Setting a Marketing Budget for Your Small Business

Updated: May 25



Don’t Be Afraid of Getting Your Name Out There!

One thing I’ve learned during my time as an entrepreneur is that we small business owners are always looking to take things to the next level. There’s a constant desire to kick things up a notch, to hunt for the next big thing, to look for more. I’ve worked with companies both large and small, and a great way to move the meter on your business is to consider doing a bit of marketing. Unfortunately, that can sometimes be where things get a bit tricky. The world of marketing is, to many, a scary, daunting place, full of “creatives” and “buzz words,” and people looking to part your business from its hard-earned money. Now, there are plenty of irrational fears about the industry that can be explained away, but nearly any effective form of marketing is going to necessitate an investment of capital – and therefore, will require a budget.

There’s that terrifying, six-letter word! It can always be a little distressing setting a budget for anything, especially as a small business owner. I think that a lot of this fear comes from the fact that people often view funds earmarked for a budget as money that’s been thrown into the wind. It used to be theirs, but now it’s gone – sacrificed to the gods of marketing! Further, the proposition of setting a budget for something as nebulous and conceptual as “marketing” can be an odd experience as well. In most cases, when you spend money on something, you receive something tangible in return: if you spend X amount of money, you get Y product in return. For individuals new to the world of marketing, it can be tough parting with that income, especially when the return doesn’t necessarily appear to be a quantifiable thing.

With all that being said, I would encourage anybody who owns a small business to approach marketing from a wholly fresh perspective. Spending money to make money is never an easy ask, but it is oftentimes an entirely necessary part of being a business owner. Further, investing in marketing can be the best thing you do for your company – if you’re smart about it. It’s all about knowing your business, making intelligent decisions, and working with a team or individual that has your best interests at heart.

So, where to begin in determining a marketing budget? Well, let’s start with what’s most important – your company. The current state of your business and the stage of life that it’s at will help you decide some of the overarching characteristics of your marketing budget. Has your business been around for a few years, and does it already enjoy an appreciable amount of brand recognition within its target market? You can probably get away with spending anywhere between 6-10% of your projected revenue on marketing. If you’re a brand-new business and are just working on getting your name out there, you’ll probably want to bump that number up to be closer to 10-15% of your revenue; this might seem like a hefty chunk of change, but keep in mind that if your business is newer, 15% of your earnings will generally amount to a much smaller total than the same percentage of an established business’s revenue. You can play around with these numbers a bit – and of course, at the end of the day, it all comes down to doing what’s best for your business – but these are some decent figures to start out with. Numbers like these can be a little unnerving, but keep in mind that if you’re starting a new business, you’ll be looking to carve out a market space and develop brand recognition with an audience group that has literally never heard of you before – not exactly an easy task. As businesses establish themselves and develop that brand awareness, the cost of doing marketing drops significantly, as they’ve already got that name-recognition going for them.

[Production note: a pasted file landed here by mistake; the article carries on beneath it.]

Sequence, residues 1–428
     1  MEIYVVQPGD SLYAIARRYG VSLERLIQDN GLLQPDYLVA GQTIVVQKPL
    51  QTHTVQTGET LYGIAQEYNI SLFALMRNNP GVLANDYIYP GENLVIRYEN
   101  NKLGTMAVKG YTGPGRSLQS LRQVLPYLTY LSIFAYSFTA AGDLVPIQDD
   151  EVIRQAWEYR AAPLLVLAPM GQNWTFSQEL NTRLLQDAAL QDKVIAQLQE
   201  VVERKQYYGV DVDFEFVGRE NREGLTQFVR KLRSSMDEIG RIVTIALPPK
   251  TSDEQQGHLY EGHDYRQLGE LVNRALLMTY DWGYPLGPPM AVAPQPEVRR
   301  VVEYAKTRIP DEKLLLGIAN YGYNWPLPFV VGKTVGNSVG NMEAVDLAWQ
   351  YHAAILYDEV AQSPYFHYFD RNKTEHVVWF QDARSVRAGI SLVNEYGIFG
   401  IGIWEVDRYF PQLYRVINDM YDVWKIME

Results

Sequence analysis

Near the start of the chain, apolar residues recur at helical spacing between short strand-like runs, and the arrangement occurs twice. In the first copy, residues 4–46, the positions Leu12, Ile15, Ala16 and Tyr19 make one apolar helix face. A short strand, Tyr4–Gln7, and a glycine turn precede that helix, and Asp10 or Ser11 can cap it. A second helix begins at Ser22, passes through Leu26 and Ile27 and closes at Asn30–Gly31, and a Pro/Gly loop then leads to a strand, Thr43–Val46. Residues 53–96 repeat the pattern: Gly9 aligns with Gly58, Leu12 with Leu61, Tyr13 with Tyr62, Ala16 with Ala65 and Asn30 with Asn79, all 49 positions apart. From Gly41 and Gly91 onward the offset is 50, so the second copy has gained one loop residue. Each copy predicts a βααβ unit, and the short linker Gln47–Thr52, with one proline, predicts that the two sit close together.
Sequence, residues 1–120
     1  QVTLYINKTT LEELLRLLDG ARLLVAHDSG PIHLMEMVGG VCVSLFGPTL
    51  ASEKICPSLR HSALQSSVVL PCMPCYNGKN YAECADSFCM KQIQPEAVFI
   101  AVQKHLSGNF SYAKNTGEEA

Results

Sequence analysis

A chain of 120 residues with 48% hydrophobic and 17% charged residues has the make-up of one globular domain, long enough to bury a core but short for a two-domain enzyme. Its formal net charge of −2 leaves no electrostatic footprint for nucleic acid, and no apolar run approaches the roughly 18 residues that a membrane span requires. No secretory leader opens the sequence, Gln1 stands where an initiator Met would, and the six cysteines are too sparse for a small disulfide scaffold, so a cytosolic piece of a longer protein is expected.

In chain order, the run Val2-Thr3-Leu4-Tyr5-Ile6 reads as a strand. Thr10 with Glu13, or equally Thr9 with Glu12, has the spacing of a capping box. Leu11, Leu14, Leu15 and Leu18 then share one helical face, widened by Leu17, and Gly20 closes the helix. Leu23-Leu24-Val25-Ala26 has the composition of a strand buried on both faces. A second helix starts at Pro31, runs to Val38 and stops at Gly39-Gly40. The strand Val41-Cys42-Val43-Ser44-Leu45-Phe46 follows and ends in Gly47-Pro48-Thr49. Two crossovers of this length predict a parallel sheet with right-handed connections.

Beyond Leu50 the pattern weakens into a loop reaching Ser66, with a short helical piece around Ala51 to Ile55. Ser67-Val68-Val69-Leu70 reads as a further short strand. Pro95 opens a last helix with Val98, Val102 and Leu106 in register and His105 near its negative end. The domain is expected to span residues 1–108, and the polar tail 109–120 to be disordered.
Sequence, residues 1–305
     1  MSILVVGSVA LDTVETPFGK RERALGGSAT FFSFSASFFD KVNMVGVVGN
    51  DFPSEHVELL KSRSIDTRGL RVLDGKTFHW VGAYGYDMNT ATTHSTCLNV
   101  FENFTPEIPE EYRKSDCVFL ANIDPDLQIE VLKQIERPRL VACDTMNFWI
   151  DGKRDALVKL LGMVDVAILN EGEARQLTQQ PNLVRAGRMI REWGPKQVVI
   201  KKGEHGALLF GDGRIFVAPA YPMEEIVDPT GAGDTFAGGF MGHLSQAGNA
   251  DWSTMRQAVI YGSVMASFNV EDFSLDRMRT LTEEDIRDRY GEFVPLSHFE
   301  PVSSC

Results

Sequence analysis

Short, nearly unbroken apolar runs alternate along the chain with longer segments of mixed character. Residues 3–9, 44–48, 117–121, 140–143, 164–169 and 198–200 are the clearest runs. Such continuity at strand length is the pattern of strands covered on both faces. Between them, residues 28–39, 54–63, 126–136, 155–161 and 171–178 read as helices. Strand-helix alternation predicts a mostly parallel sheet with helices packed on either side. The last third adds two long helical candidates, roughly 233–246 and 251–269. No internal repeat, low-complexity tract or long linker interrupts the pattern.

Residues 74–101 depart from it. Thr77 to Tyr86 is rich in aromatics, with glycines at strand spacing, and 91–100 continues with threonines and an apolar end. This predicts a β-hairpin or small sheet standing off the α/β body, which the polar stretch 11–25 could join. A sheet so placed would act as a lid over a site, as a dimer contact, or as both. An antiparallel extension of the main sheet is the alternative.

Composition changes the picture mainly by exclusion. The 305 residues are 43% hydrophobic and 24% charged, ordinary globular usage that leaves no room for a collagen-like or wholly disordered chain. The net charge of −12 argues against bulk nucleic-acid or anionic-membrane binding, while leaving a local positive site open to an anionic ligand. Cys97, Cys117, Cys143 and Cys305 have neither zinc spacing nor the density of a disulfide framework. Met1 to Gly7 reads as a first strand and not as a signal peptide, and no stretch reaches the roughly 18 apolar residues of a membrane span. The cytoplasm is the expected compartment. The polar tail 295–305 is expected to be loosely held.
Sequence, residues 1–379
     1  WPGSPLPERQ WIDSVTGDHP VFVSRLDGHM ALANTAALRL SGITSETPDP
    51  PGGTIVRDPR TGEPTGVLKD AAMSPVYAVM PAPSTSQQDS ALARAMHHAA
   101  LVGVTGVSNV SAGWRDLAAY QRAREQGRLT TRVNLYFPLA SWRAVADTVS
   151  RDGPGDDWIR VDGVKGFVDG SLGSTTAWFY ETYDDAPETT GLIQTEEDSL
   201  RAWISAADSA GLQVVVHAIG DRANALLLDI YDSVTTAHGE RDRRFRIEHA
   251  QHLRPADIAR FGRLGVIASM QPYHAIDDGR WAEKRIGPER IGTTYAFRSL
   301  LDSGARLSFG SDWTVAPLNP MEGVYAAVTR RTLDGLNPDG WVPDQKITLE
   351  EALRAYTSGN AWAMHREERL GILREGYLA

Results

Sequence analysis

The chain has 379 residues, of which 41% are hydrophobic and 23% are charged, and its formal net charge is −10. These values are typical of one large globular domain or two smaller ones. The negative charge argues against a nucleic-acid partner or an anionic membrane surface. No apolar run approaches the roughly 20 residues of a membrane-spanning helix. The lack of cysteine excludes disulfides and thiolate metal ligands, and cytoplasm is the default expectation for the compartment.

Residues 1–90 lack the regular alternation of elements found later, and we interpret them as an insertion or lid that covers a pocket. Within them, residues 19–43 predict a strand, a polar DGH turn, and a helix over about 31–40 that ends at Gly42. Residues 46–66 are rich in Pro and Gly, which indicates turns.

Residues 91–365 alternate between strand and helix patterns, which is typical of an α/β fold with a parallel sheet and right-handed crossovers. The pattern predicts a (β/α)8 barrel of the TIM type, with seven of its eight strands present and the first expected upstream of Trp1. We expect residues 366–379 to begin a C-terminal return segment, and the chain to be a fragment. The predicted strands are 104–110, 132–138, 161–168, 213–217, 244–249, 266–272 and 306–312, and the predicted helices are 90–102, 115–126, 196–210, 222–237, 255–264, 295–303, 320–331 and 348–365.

From there, it’s a matter of deciding how to best allocate those funds. That in and of itself is a topic complex enough for an entirely separate article, but to give you a quick overview, there are a number of marketing venues that you’re now empowered to pursue after setting your budget, including branding, social media, websites, advertising (both digital and traditional), content, and even special events. Once you’ve nailed down your marketing budget, a whole plethora of options to set your business ahead become available. It can be a little intimidating setting that budget in the first place, but once you do, the opportunities that begin to present themselves are nearly limitless. Open up a bottle of wine and celebrate – your business now has a marketing budget, and the potential to reach countless numbers of clients who wouldn’t have heard of you otherwise. Congratulations!




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